Newsbriefs

Statistics Canada reports that by 2031, 25–28% of the population could be foreign-born, about 55% from Asia. Additionally, 29–32% of the population could be visible minorities by 2031, with some 47% of second-generation Canadians belonging to a visible minority. The study also predicts Christians will decrease from 75% to 65% of the population, while those who practice no religion will rise from 17% to 21%.—Statistics Canada

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Responding to concern about the cost of national events for new and rural churches, the Canadian conference announced a program to assist smaller churches. A pastor plus one leader may register free for Gathering or study conference events if they contribute to the conference ministry support fund, have a membership of less than 75, have CRA-reported income of less than $200,000, and are not receiving other funding from the conference.—Canadian Conference of MB Churches

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Hot Pursuit 2010 will see a team of 5 cyclists (CMU faculty and alumni) race from Vancouver to Winnipeg to raise money for international student financial assistance and international practica. Beginning July 17, Team CMU will race around the clock, attempting to cover 2,400 kilometers in 3 1/2 days, in pursuit of ultramarathon cyclist Arvid Loewen. Loewen is racing for the Mully Children’s Foundation.—Canadian Mennonite University

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Mennonite World Conference’s General Council Mission Commission began to plan its work in February. The commission’s members represent each continental region, aiming to “stimulate global, continental, regional, and local partnerships in outreach among Anabaptist-related church and mission groups everywhere,” says commission chair Richard Showalter.—MWC

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Mennonite Central Committee will mark its 90th anniversary with an academic conference, called A Table of Sharing, examining Mennonite identity and MCC, and how the two have shaped one another. The event will be held June 13–14 in Akron, Pa.—MCC

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In 2010, for the first time in 14 years, the Winnipeg Mennonite Central Committee relief sale will not be held. Organizers say that although sales continue to climb, volunteer numbers have steadily declined. The planning committee decided to take a year off to look for more sustainable ways to recruit volunteers and support the work of MCC. The annual MCC relief sales in Morris and Brandon, Man., are not affected.—Canadian Mennonite

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Mennonite Central Committee Saskatchewan is inviting dialogue with former residents of Timber Bay children’s home, and with residents of the communities of Lac La Ronge, Timber Bay, and Montreal Lake, Sask. “We have become aware of pain that some former residents have felt, and because of our association with the home, we would welcome the opportunity for dialogue,” reads a letter from MCC Saskatchewan and MCC Alberta. MCC supported the home with service workers from 1974–1989, while it was administered by the Brethren in Christ church.—MCC Saskatchewan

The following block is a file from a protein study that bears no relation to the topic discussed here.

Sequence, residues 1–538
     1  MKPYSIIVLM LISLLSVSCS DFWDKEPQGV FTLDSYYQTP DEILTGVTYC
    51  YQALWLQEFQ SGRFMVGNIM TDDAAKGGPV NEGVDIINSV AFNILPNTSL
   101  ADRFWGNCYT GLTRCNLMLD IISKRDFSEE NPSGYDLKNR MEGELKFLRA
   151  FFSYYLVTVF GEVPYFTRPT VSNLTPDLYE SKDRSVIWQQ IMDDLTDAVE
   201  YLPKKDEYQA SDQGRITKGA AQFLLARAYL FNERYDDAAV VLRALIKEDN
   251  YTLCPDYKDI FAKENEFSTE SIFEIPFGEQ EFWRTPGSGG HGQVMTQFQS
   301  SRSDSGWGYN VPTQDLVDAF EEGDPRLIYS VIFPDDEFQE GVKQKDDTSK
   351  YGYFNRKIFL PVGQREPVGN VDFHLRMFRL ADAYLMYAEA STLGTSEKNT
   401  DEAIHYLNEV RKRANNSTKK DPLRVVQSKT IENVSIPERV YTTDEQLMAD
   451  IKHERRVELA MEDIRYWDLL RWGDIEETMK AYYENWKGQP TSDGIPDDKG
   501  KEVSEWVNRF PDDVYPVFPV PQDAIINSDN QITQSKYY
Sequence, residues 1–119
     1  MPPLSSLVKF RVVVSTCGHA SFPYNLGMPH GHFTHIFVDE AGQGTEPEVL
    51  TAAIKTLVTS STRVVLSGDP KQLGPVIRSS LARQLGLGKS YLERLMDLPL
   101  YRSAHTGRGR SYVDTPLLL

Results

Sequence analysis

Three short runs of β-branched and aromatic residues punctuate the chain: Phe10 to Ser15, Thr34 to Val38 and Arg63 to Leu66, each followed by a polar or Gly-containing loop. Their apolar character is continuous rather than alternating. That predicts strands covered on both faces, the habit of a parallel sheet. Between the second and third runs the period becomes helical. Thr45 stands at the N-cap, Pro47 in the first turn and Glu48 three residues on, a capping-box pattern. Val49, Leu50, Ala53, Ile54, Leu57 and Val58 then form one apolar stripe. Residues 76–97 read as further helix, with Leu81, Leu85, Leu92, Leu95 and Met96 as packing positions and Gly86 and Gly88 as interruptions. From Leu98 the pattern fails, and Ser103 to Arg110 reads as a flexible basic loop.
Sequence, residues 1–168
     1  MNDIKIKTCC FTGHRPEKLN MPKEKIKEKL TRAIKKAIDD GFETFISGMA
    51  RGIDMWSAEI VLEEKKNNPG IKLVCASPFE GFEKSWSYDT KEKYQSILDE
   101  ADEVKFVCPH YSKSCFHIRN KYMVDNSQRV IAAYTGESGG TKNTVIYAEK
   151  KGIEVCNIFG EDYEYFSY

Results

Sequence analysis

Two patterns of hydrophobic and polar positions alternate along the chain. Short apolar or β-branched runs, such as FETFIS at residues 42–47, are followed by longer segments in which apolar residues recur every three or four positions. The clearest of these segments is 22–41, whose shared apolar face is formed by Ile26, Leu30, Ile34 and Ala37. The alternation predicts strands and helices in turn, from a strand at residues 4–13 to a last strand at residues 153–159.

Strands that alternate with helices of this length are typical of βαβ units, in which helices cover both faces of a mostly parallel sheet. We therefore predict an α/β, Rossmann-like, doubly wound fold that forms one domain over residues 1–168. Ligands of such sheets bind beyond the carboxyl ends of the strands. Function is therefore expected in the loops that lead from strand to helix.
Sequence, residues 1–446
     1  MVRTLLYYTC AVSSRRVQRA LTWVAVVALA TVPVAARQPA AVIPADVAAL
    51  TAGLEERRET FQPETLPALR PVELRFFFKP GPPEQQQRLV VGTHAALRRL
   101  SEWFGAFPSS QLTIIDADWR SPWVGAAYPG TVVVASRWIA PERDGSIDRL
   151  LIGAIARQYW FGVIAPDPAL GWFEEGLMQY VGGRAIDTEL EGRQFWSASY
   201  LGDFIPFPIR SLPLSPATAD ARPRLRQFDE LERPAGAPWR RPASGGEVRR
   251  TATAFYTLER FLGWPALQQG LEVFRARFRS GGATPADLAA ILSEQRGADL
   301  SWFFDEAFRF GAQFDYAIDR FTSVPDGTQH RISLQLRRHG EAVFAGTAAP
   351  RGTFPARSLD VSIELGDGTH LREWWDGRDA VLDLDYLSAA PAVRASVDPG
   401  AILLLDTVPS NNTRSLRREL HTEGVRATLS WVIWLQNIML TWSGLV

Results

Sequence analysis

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Unless action is stepped up to properly collect and recycle materials, many developing countries face the spectre of hazardous e-waste mountains with serious consequences for the environment and public health, according to UN experts in a landmark report released by the United Nations Environment Programme. China produces 2.3 million tonnes of e-waste domestically, second only to the United States, and is a major e-waste dumping ground for developed countries. Most e-waste is improperly handled, releasing toxins but yielding very low metal recovery rates.—UNEP

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University of Toronto sociology professor Scott Schieman examined Americans’ beliefs about God’s involvement and influence in everyday life. His study, published in Sociology of Religion, found that most people believe that God is highly influential in the events and outcomes of their lives – 82 percent say they depend on God for help and guidance in making decisions.—University of Toronto release

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École de théologie évangélique de Montréal (ETEM), enjoyed a higher number of students in their winter semester (58) than fall (42) for the 2009/2010 school year, contrary to the usual trend, reports academic dean Jean Biéri. Also at ETEM, the consolidation of ETEM’s and Institute Biblique VIE’s library, begun in May 2009, has provided an online catalogue of 8,000 titles. Many of these French evangelical works have never been previously indexed in the library of congress or Dewey decimal system.—ETEM newsletter

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Evangelical Fellowship of Canada has two new resources in its ACTIVATE series for youth and young adults seeking to live out their faith in challenging ways. The booklets Not so Ancient: Human trafficking and modern slavery and How Merciful? Euthanasia and assisted suicide include statistics, case studies, testimonies, and explain the scriptural foundation for principles discussed, as well as action plans.—EFC

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